More than seven in 10 candidates in May’s Stormont election reported abuse and intimidation, according to an Electoral Commission survey.
The commission’s report says the government must now take “urgent action” to tackle the rise in abuse, threats and intimidation of candidates across the UK.
According to a new report by the electoral watchdog, four out of 10 candidates standing in May’s elections in England, Scotland and Wales faced voter intimidation.
But in Northern Ireland, the problem was far worse.
71 percent of the candidates who stood in the assembly elections earlier this year faced abuse and intimidation.
A total of 239 candidates stood for the Assembly (compared to 228 in 2017), of which 87 were women candidates, representing 36.4% of all candidates.
The report states: “The majority of candidates who responded to our survey said they had experienced intimidation, abuse and/or intimidation.
“In most cases this relates to theft or loss of campaign materials, online and verbal abuse.
“It is important that candidates and campaigners can freely participate in our democratic process, and we intend to meet with the wider electoral community to understand what is causing the abuse and intimidation of candidates. And to ensure that this issue is resolved immediately.”
Jonathan Mitchell, manager of the Electoral Commission in Northern Ireland, said: “While confidence in the election is high, campaigners and those taking part in the election face additional challenges.
“The report highlights concerns about flexibility and capacity in election delivery, with the Chief Electoral Officer reporting problems with recruitment and retention of staff to work in elections.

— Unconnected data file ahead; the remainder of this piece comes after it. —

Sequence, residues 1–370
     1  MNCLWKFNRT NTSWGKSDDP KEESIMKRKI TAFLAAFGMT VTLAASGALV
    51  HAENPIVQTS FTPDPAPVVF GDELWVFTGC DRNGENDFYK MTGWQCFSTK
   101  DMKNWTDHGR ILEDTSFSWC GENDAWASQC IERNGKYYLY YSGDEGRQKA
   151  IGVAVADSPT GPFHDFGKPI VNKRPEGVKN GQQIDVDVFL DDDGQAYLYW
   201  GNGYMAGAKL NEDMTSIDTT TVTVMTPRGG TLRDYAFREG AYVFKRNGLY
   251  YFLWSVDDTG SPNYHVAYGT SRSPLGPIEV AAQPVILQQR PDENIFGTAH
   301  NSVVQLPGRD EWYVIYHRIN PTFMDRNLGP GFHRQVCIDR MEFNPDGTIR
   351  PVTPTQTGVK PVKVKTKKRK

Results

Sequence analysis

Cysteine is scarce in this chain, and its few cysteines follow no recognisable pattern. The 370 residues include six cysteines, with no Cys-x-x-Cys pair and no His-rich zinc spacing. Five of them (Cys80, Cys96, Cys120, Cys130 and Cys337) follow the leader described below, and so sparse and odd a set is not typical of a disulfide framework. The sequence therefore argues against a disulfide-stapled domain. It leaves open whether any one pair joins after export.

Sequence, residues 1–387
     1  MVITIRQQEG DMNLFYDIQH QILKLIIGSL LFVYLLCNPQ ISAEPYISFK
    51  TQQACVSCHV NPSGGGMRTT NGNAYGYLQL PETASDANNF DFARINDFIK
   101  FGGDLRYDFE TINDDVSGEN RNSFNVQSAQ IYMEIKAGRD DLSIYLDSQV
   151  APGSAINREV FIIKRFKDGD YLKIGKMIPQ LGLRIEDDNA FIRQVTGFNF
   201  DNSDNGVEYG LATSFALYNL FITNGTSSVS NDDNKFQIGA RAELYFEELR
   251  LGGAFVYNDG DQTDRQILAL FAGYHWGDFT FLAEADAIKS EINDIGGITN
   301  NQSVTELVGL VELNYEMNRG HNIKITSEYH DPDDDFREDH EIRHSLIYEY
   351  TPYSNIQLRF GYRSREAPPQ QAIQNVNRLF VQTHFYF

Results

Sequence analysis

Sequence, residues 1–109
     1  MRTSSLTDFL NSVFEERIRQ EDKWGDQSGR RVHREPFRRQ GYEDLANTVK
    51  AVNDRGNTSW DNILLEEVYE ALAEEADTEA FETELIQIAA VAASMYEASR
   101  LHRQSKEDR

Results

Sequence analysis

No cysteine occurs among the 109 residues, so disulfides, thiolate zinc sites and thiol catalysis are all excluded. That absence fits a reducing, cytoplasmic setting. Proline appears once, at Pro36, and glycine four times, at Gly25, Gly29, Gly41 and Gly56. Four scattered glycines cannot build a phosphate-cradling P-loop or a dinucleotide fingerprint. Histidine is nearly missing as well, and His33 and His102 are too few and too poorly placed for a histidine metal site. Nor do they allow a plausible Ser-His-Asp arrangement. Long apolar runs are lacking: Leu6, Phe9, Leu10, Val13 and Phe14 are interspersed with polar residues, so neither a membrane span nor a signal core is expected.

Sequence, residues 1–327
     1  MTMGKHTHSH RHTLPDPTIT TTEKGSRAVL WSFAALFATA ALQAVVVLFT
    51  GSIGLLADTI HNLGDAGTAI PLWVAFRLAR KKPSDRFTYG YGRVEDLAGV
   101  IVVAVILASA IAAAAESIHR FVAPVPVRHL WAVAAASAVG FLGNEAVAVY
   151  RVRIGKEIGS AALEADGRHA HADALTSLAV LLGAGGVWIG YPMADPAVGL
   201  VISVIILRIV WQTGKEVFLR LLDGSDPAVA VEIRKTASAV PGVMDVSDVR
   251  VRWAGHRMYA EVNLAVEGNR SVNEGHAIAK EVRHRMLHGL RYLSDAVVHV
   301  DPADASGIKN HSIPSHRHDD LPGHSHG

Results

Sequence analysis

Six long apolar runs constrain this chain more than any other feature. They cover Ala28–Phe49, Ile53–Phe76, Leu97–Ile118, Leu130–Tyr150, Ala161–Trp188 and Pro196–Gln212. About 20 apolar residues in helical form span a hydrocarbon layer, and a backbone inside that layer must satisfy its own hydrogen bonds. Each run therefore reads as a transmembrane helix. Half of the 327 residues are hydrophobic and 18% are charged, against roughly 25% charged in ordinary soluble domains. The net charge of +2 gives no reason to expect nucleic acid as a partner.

“The majority of candidates reported experiencing abuse and intimidation, primarily with issues related to theft or loss of campaign materials, online abuse, and verbal abuse.”
Mr Mitchell added that “action is needed to tackle intimidation and abuse of candidates in elections”.
He said that it is very important that the candidates can participate in the elections without any fear.
“We will be working closely with the wider electoral community to ensure we understand what is causing this problem and address it urgently.”
Among the candidates who were intimidated was the SDLP’s Elsie Traynor. He was att*cked in south Belfast after chasing two youths who removed his campaign posters.
Ms Trainor was called a “Republican b*****d” as she followed and filmed the men on a 15-minute chase through Ormeau Park.
He had seen them taking down their posters in broad daylight on Raven Hill Road.
During the episode, she said she was att*cked by a young man, and another tried to grab her mobile phone while she filmed them.
Many other candidates at the time reported removal of posters, and communal abuse — both online and offline.
The survey also revealed that less than half (46%) of respondents who participated in the election count said they were satisfied with how efficiently it was conducted.
Counting was not completed that day, and it took until the morning of Sunday, May 8, for the final constituency to be announced.
In May, there were complaints from the media about the lack of basic necessities such as food, electricity and Wi-Fi.
The report suggested that in this year’s election, there were several stages of counting where only a small number of votes could be transferred at each stage before candidates had enough votes to exceed the quota. could be achieved, further steps were then required. considered selected.
These challenges have been compounded by the problem of retaining experienced counting staff due to Covid, he added. Other common concerns related to traffic management and enumeration.
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